Despite his team having racked up a score of well over 300, captain Jason Holder felt that West Indies were well short of what would have been a par score on a belter of a pitch in Taunton, following his team’s seven-wicket defeat to Bangladesh on Monday, June 17.
West Indies put up 321-8 after being asked to bat first – not a bad effort by any means – but as Bangladesh would show later, it was far from sufficient as they ran down the total in 41.3 overs, with seven wickets in hand.
“I felt that at the halfway stage, we were still a few short,” Holder said. “Probably, I reckon, a par score on this wicket, with the dimensions of the ground, probably 360-365, maybe 370. And we were well short of that. If you look at the context of the game, and the way Bangladesh scored in comparison to what we did, I think we probably were 40-50 short.”
Though they recovered through the middle phases, it wasn’t smooth sailing at the start of the innings for West Indies. In the first Powerplay, West Indies limped to 32-1. It was also a passage during which Chris Gayle was dismissed for a 13-ball duck.
A stunning chase from Bangladesh who beat West Indies by seven wickets!
— Wisden (@WisdenCricket) June 17, 2019
The recovery began with Evin Lewis and Shai Hope stitching together a 116-run stand, but a lot of that was undone when Bangladesh clawed back with wickets later in the innings. Overall, West Indies’ strike-rotation wasn’t at its most efficient, with Hope alone eating up around 50 dots during his 121-ball innings.
“We knew up front, in the first ten overs, we had to really knuckle down and get through that period,” Holder said. “That probably was the toughest period of the innings. But I think we should have been able to rotate the strike a little better and find the boundary a little bit with a little more freedom.”
“It was good that he [Hope] went deep, but probably we could have asked him to show a little bit more intent. Having said that, we still were losing wickets at crucial stages. We needed one of the top four players to go through. He got down to the end, but unfortunately, it wasn’t enough today.”
With 321 runs on the board, though, the bowlers still had plenty to play with. West Indies went in with an all-pace attack, but were hit by their lack of incision. Barring one, none of the four partnerships Bangladesh strung together was under 50.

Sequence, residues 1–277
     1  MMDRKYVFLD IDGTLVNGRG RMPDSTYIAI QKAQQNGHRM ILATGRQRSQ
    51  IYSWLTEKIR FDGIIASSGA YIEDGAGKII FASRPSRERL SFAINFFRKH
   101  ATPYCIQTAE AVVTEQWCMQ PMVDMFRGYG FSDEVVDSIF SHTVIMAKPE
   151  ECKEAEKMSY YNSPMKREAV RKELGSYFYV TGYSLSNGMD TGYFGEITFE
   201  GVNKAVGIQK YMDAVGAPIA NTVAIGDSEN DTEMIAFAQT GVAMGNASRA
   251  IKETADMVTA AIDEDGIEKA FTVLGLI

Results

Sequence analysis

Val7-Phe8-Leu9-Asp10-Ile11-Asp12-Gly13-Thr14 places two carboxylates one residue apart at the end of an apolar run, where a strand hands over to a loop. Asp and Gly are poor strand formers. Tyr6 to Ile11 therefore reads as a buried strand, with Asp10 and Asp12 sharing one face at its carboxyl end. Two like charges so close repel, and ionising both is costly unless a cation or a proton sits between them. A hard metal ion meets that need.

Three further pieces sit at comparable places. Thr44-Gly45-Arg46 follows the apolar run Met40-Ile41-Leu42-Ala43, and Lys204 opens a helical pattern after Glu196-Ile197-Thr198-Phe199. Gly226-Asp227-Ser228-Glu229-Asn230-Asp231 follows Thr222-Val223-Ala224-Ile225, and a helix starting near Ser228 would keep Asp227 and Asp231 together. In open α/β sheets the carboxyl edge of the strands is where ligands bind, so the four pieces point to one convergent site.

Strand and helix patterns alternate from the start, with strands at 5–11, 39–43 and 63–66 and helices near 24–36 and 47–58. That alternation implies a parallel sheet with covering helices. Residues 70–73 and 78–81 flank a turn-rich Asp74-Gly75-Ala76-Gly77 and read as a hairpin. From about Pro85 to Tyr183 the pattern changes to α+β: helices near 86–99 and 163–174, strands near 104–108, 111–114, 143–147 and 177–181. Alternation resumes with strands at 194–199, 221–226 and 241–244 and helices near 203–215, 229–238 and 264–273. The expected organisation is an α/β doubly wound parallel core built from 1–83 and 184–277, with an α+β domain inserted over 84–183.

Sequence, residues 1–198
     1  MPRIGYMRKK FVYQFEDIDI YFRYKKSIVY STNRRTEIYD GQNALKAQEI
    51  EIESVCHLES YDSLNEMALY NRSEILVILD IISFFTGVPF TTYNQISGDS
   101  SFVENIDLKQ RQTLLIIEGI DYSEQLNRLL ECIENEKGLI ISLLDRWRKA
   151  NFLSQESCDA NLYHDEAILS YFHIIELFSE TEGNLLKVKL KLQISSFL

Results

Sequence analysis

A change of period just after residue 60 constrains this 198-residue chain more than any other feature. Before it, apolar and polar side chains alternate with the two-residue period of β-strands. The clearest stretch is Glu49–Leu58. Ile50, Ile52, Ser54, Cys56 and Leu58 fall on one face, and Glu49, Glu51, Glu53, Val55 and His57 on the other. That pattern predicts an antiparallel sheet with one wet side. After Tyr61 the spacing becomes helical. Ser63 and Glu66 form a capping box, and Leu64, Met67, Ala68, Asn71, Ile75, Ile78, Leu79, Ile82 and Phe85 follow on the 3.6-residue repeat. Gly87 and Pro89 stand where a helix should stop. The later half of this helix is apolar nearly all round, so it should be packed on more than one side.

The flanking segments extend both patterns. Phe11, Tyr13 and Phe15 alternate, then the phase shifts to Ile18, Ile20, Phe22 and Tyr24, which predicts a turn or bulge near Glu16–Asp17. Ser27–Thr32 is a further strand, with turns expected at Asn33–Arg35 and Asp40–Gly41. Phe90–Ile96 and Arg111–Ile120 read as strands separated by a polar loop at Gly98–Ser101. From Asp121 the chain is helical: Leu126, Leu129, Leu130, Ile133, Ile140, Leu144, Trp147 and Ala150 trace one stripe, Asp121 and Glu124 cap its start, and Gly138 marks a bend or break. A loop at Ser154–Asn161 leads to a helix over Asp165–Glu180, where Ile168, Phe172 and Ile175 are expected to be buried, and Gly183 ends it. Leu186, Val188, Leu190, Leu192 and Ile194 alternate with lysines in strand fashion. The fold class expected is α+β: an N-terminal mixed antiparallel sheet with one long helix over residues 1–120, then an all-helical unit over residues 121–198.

“The quick bowlers could have done their job,” Holder said. “If you look at their spinners, they didn’t cause much of a threat. Shakib is the only one, I think, who got wickets. Mehidy struggled. We pretty much scored off him freely. So, no regrets there.
“With 321 on the board, we still go out there, fight and make a game of it. We needed new-ball wickets. We didn’t get it today. They batted well. Shakib and Liton Das played really well, got to give them credit. I think the balance was not an issue today. Execution, for me, was the issue, and it hurt us in the end.”
As for Bangladesh, they maintained their stellar recent record against West Indies with their fifth consecutive win against them. Their seamless chase was also the joint second-highest in World Cup history, as they equalled their own record, against Scotland in the 2015 edition.
At 133-3, it still was anybody’s game, but Shakib Al Hasan extended his dream World Cup run with a second century, in addition to two fifties, in four matches. His unbroken 189-run fourth-wicket stand with Liton Das completely shut the doors on West Indies.
Liton, in fact, outscored Shakib towards the latter stages of the chase. In the last 39 balls of run-chase, Bangladesh pillaged seven fours and three sixes, which amounts to a boundary every four balls, and all of them, barring three fours, flowed off the bat of Liton.
“The way Shakib batted, some of his boundaries helped me to release the pressure,” Liton said. “I never felt this way. I scored a lot of runs in the domestic league, but never finished any game. It was a big achievement for me as I finished today’s match, and that too in a big event like the World Cup.”
For Liton, Monday’s knock was a challenge in more ways than one. Not only was he playing his first ODI in over a month, he was also returning to the side in an unfamiliar role. An opening batsman, Liton was pushed down to No. 5, but he took the challenge head-on to deck up Taunton’s County Ground with eight fours and four sixes.
“At first, I was very nervous, because I was out of game-time for long,” Liton said. “Playing in a match is different, fielding and supporting your team is another thing. I was behind in that regard. Playing today was important because I think when you play a match, your nervousness goes away and these things will help me a lot in the coming days.”